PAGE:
Labor Day 2021
Labor Day is a annual marker and milestone. Summer is winding down. Autumn is coming on. Friends and families gather for a final summer picnic or barbecue. Schools open. Footballs fly. Churches plan “homecoming Sunday,” and the start the “program year.”
At least that’s the way it used to be.
On this Labor Day, 2021, things seems darker, more out-of-kilter. We go through the rituals of the day and season, but not with great confidence about the future.
Troubles everywhere. The harrowing Afghanistan exit. A brutal resurgence of COVID, when we thought we were about done. The virus is only outpaced by the fervor of anti-vaxxer’s and anti-maskers. A Texas abortion law that makes the dark ages of medieval Europe look humane by comparison. Natural disasters are on climate change steroids.
Maureen Dowd summed it up in a few laconic sentences in her Sunday column:
“It isn’t a pretty picture.
“One coast is burning. The other is under water. In between, anti-abortion vigilantes may soon rampage across gunslinging territory.
“What has happened to this country?”
Indeed, what has happened to this country?
One bit of very good news is that people are working across the political and religious divides of our country to welcome and host Afghan refugees.
In my study of the letter to the Hebrews I came today to Chapter 11, which may be the best known part of the entire book. It begins with the oft-quoted words, “Now faith is the assurance of things hoped for, the conviction of things not seen.” When you’ve worked through the whole book, you understand this is one of its constant themes. It’s a good one when so much that we can see is discouraging. We hold fast to faith in God’s faithfulness, and act on that faith. Sometimes faith is trusting boldly despite the evidence.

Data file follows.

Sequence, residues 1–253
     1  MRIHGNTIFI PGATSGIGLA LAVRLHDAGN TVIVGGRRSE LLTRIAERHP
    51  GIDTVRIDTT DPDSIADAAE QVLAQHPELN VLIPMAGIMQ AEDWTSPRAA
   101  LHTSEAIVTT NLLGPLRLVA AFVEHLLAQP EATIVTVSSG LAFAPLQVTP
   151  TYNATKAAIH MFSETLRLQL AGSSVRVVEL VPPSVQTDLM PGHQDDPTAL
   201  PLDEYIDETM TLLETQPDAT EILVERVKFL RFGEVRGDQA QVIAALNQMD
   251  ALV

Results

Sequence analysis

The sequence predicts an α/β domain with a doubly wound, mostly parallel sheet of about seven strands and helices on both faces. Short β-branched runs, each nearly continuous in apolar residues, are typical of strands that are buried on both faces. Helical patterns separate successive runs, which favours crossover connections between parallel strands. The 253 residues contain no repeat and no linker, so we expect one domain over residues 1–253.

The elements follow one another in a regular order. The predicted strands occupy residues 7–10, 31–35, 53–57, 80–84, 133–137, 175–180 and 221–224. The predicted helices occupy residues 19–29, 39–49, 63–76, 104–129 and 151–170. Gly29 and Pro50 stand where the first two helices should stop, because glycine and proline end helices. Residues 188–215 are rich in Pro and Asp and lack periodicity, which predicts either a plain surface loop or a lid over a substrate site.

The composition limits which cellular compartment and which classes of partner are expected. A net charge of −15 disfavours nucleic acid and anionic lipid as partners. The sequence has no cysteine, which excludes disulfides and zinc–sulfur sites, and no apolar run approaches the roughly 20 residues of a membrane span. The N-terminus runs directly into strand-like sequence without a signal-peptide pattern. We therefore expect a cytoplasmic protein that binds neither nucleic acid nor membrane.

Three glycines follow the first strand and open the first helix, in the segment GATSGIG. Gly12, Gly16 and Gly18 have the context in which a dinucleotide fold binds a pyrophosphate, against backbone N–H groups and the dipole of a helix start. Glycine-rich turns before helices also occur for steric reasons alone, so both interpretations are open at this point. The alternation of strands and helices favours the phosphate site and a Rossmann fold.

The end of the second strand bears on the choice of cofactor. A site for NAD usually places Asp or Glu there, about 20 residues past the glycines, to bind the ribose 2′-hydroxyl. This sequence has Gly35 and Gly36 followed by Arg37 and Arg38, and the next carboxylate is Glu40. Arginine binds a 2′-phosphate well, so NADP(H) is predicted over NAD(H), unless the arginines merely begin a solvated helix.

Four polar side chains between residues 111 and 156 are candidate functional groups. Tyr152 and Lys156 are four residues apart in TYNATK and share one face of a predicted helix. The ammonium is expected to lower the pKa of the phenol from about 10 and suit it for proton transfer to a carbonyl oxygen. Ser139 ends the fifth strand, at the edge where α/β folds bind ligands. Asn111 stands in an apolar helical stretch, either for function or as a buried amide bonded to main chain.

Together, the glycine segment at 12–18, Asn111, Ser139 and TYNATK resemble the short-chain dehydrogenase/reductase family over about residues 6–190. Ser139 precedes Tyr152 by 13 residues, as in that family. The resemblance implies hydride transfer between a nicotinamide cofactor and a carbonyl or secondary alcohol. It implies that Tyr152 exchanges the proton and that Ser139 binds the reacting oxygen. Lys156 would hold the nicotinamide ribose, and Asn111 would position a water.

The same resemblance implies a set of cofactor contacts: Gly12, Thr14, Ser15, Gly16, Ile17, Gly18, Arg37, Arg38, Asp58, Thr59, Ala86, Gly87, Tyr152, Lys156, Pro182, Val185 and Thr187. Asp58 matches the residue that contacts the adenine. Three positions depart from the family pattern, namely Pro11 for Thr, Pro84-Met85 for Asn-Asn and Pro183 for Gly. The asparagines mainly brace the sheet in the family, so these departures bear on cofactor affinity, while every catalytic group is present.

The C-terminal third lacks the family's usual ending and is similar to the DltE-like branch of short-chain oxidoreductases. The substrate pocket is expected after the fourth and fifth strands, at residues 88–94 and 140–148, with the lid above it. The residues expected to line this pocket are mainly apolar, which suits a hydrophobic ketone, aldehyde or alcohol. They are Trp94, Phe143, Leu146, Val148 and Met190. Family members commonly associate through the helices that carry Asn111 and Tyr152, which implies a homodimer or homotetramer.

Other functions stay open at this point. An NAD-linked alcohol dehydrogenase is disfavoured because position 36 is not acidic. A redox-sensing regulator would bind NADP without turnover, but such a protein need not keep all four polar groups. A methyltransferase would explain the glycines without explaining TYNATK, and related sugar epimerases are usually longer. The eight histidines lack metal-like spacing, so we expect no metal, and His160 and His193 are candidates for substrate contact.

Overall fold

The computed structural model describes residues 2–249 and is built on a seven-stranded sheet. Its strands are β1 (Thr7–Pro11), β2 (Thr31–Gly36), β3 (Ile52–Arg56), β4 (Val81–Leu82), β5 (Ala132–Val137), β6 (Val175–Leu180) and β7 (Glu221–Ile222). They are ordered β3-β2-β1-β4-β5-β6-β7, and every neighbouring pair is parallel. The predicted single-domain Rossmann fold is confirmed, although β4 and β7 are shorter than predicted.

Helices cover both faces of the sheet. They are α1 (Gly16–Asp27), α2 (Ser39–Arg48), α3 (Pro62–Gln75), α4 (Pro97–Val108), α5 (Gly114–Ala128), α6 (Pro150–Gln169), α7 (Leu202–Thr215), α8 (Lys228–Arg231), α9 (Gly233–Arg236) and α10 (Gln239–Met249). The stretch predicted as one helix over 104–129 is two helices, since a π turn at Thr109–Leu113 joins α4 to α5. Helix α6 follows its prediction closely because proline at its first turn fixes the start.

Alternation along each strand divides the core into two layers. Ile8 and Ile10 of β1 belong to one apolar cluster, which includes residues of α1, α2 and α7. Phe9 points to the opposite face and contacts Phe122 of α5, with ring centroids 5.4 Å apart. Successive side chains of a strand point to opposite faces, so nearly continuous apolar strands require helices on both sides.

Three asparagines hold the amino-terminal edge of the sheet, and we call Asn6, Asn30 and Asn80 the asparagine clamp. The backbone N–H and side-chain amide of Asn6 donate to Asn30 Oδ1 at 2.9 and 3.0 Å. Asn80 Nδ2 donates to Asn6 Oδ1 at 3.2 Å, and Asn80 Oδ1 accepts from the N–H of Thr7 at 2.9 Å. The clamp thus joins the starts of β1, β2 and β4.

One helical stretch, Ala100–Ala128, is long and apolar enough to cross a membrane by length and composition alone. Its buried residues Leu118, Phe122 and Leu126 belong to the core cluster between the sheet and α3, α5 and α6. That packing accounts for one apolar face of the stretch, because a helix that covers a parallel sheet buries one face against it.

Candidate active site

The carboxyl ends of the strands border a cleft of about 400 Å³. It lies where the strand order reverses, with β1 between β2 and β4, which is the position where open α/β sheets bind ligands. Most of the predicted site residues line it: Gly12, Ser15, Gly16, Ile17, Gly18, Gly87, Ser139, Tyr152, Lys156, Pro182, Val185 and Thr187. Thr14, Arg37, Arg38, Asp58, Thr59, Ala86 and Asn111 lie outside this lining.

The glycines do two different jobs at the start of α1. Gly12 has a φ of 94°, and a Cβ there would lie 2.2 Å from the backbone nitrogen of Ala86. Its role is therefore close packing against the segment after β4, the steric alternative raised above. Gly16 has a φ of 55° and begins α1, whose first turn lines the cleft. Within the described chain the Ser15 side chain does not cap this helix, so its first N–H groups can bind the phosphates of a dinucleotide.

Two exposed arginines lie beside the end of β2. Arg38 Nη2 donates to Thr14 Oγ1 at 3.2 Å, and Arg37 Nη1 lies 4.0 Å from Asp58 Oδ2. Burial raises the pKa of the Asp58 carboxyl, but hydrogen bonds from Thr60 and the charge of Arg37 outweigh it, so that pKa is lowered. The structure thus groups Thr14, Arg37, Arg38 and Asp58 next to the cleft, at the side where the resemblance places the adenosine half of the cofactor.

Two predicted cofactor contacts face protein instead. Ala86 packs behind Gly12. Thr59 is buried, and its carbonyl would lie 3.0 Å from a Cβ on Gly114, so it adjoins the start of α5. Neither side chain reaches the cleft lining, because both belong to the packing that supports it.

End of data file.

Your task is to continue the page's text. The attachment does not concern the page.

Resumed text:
In describing this chapter in his commentary Tom Long compared it to the way a sermon unfolds in an African-American church. “Start low, go slow, reach higher, strike fire, sit down in a storm.” That is so accurate. Just reading it brought many such sermons to mind and was encouraging to me. I can hear the shouts of “amen” and “hallelujah.”
Chapter 11 does just that, starting low and slow, building through stories of people of faith remembered, until striking fire in these final words, “Therefore, since we are surrounded by so great a cloud of witnesses, let us also lay aside every weight and sin that clings so closely, and run with perseverance the race that is set before us, looking to Jesus the pioneer and perfecter of our faith, who for the sake of the joy that was set before him endured the cross, disregarding its shame, and has taken his seat at the right hand of the throne of God.” And the preacher sat down, the storm of faith swelling in “hallelujahs” and “praise the Lord’s.”
So friends, hold fast to faith in the living God and continue if not racing, then at least walking, the way of Christ as it is given to us to understand it.